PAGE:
The diverticulitis surgery recovery time depends upon the procedure, type of the surgery, and the overall health of the patient. In most cases, people recover within 1½ – 2 months of the procedure.
Diverticulitis is a medical condition, characterized by mild to severe abdominal pain and tenderness in the lower left abdomen. It is caused due to infection or inflammation of the bulging pouches (diverticula), present in the colon or the large intestine. If diagnosed in the early stages, it can be treated with medications, by following a proper diverticulitis diet, and making lifestyle changes.
However, surgery becomes a necessity for patients with chronic ailments and those who are non-responsive to medications and diet. The diverticulitis surgery recovery time varies with respect to surgery type and patient’s health condition. The type of surgery appropriate for a diverticulitis patient, is decided according to the number of attacks, general health, and the presence of underlying diseases (if any).
The Surgical Procedure
During a conventional diverticulitis surgery, the affected part of the sigmoid colon is removed after making an incision in the abdomen. This procedure is known as partial colectomy, which may be done in one step, or it may require a two-stage operation. A two-stage operation is usually required in case of emergencies. In a two-stage operation, first the diseased part of the colon is removed, after which the upper section of the colon is attached to an opening on the abdominal wall. This procedure is known as colostomy. Stools are eliminated from the body through this opening into a disposable bag.
The next stage of the operation involves reconnecting the two ends of colon. In recent times, a less invasive laparoscopy method is followed, for removing the diseased part of the colon and reconnecting the healthy parts. In laparoscopic surgery, a few small incisions are made to access the colon with endoscopic instruments. On an average, 6 percent patients diagnosed with diverticulitis require surgical treatment. As the episodes of diverticulitis attacks become more frequent when one grows older, diverticulitis surgery is more common in people above 40 years.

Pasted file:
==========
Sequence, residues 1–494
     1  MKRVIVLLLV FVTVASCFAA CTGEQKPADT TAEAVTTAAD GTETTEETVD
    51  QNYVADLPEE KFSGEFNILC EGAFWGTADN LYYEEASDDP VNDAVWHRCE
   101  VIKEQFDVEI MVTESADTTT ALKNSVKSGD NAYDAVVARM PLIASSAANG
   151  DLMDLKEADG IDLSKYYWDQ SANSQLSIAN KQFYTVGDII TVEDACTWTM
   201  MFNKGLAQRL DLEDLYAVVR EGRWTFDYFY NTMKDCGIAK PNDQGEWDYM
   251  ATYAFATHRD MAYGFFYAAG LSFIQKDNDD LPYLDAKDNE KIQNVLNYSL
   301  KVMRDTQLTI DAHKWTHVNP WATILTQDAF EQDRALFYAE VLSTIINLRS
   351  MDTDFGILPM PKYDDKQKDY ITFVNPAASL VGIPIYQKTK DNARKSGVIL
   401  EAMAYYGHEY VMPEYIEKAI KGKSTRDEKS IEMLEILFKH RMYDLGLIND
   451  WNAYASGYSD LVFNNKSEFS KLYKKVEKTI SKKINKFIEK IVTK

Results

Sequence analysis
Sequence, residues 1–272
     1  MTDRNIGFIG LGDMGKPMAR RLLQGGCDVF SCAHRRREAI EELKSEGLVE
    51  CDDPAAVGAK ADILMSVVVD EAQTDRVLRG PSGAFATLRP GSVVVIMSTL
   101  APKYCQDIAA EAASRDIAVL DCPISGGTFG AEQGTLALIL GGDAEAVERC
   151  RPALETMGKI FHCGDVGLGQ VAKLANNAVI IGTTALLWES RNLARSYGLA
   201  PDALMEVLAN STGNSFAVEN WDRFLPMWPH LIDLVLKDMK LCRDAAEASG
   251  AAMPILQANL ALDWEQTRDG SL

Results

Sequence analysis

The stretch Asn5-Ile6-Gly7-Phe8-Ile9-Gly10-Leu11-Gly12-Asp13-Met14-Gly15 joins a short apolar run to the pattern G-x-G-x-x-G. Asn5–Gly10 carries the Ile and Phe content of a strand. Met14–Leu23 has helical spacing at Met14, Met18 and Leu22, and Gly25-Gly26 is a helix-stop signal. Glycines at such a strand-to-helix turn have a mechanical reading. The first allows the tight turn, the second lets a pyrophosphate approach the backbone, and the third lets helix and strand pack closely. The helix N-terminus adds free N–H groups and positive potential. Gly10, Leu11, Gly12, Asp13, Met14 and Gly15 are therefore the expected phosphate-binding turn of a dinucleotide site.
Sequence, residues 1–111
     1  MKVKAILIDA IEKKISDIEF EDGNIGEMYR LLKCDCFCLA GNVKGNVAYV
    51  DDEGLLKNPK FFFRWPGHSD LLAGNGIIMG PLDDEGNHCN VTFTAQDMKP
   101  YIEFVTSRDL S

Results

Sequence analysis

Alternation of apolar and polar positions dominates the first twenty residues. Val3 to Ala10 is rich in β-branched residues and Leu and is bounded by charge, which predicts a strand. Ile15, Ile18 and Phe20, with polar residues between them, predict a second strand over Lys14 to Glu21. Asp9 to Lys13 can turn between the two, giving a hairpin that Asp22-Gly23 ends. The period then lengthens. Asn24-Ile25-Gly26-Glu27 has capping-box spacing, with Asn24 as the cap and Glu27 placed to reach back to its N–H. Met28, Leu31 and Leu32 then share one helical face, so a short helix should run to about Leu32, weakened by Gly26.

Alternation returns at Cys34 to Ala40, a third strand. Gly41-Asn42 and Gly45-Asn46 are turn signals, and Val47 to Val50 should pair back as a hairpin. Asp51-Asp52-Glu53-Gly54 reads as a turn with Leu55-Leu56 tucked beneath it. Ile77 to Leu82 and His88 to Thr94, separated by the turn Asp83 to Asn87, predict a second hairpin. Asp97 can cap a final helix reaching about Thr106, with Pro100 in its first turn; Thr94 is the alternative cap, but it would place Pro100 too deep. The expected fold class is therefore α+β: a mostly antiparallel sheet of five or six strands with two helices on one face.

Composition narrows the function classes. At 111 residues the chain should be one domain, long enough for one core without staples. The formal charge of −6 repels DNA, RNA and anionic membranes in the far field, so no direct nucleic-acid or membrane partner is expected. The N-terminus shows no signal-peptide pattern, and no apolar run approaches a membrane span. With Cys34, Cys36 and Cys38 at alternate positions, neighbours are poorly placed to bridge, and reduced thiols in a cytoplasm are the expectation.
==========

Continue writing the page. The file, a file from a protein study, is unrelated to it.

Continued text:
Diverticulitis Surgery Recovery
Recovery from diverticulitis surgery depends on several factors, including the type of surgery and overall health of the patient. In general, surgery complications are higher and the recovery time is longer in case of conventional method, as compared to the laparoscopic colectomy.
Usually, the single-step open partial colectomy requires a hospital stay of 4 to 7 days, if there are no complications. The hospital stay can be substantially longer, if partial colectomy is done in two stages. The time between the two operation is usually 6 to 12 weeks. On the other hand, in laparoscopic surgery, the hospital stay time is less, usually 4 to 5 days. On an average, it can take about 6 to 8 weeks, to recover completely after a one-stage open partial colectomy, or after the final operation of a two-stage surgery. The recovery time for a laparoscopic colectomy is about 3 weeks.